• The quadratrix of Dinostratus was well known to the ancient Greek geometers, and is mentioned by Proclus, who ascribes the invention of the curve to a contemporary of Socrates, probably Hippias of Elis.

• The orthogonal projection of a section of this surface by a plane containing one of the perpendiculars and inclined to the axis is the quadratrix.

• The locus of these intersections is the quadratrix.

• Then the locus of the intersection of PQ and OM is the quadratrix of Dinostratus.

• The quadratrix of Tschirnhausen is constructed by dividing the arc and radius of a quadrant in the same number of equal parts as before.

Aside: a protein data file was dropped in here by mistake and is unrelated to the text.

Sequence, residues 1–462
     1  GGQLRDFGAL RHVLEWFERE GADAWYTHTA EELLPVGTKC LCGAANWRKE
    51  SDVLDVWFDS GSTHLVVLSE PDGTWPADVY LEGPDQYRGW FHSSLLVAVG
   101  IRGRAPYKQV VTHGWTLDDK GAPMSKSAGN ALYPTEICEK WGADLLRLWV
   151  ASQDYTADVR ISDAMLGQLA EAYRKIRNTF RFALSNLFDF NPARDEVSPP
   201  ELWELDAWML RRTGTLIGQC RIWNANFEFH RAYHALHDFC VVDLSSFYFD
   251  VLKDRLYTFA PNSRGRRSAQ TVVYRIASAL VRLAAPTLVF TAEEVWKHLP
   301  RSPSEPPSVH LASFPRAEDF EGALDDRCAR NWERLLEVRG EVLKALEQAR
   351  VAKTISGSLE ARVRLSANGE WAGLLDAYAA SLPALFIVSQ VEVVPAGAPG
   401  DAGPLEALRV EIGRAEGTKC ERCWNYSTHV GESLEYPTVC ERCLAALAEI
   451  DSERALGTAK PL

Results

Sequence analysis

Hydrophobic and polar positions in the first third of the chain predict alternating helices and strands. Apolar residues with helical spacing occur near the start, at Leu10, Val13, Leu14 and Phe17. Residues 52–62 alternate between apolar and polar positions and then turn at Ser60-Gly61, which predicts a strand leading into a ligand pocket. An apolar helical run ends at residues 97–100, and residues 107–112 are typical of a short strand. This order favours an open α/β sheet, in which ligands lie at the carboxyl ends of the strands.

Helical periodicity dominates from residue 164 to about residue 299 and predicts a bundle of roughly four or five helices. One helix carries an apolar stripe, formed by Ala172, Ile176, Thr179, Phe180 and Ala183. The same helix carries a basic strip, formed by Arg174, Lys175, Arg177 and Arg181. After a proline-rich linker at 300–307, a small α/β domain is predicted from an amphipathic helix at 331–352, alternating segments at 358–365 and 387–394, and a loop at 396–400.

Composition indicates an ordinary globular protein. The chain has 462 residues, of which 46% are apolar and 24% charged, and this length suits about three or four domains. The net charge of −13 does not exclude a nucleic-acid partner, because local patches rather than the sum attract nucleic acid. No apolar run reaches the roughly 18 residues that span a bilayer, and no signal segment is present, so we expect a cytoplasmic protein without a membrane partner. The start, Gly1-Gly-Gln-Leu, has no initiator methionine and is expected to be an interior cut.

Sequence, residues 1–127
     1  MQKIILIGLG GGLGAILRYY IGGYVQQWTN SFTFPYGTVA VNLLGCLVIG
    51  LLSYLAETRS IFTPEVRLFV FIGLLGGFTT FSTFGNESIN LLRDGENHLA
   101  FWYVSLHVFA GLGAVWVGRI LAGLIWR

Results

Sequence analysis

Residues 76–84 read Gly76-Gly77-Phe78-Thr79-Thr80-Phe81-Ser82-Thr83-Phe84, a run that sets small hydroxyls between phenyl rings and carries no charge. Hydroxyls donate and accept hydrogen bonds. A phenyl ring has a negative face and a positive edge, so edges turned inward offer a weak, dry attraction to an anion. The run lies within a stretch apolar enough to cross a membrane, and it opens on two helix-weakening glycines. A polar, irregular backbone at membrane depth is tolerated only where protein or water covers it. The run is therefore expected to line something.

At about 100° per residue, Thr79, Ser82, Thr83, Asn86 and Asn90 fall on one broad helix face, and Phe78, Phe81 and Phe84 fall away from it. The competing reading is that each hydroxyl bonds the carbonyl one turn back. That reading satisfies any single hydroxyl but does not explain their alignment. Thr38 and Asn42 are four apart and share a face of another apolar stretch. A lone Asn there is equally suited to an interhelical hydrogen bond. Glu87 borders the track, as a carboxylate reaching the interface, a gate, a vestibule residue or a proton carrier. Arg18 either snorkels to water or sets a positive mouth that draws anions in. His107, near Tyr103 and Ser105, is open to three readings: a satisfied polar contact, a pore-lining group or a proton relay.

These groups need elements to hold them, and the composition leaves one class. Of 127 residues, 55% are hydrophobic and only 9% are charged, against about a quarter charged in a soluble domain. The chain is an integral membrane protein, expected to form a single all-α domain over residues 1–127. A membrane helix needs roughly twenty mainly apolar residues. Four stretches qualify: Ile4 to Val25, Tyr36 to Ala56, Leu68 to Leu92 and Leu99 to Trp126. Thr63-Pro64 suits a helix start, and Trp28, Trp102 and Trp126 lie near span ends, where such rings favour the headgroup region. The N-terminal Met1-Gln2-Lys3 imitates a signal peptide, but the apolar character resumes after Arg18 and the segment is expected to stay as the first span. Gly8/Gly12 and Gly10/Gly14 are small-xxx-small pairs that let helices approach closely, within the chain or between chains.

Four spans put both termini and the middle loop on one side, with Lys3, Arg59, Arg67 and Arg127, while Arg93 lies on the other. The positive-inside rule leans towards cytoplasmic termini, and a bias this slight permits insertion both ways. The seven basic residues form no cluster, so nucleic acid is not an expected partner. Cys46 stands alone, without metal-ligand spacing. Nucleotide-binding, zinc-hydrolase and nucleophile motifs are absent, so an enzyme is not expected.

• Its properties are similar to those of the quadratrix of Dinostratus.

• According to Proclus, a man named Hippias, probably Hippias of Elis (c. 460 B.C.), trisected an angle with a mechanical curve, named the quadratrix.

• Thus Nicomedes invented the conchoid; Diodes the cissoid; Dinostratus studied the quadratrix invented by Hippias; all these curves furnished solutions, as is also the case with the trisectrix, a special form of Pascal's limacon.

• The invention of the conic sections is to be assigned to the school of geometers founded by Plato at Athens about the 4th century B.C. Under the guidance and inspiration of this philosopher much attention was given to the geometry of solids, and it is probable that while investigating the cone, Menaechrnus, an associate of Plato, pupil of Eudoxus, and brother of Dinostratus (the inventor of the quadratrix), discovered and investigated the various curves made by truncating a cone.

• Any plane section of the screw (plectoidal of Pappus) surface so obtained is the quadratrix.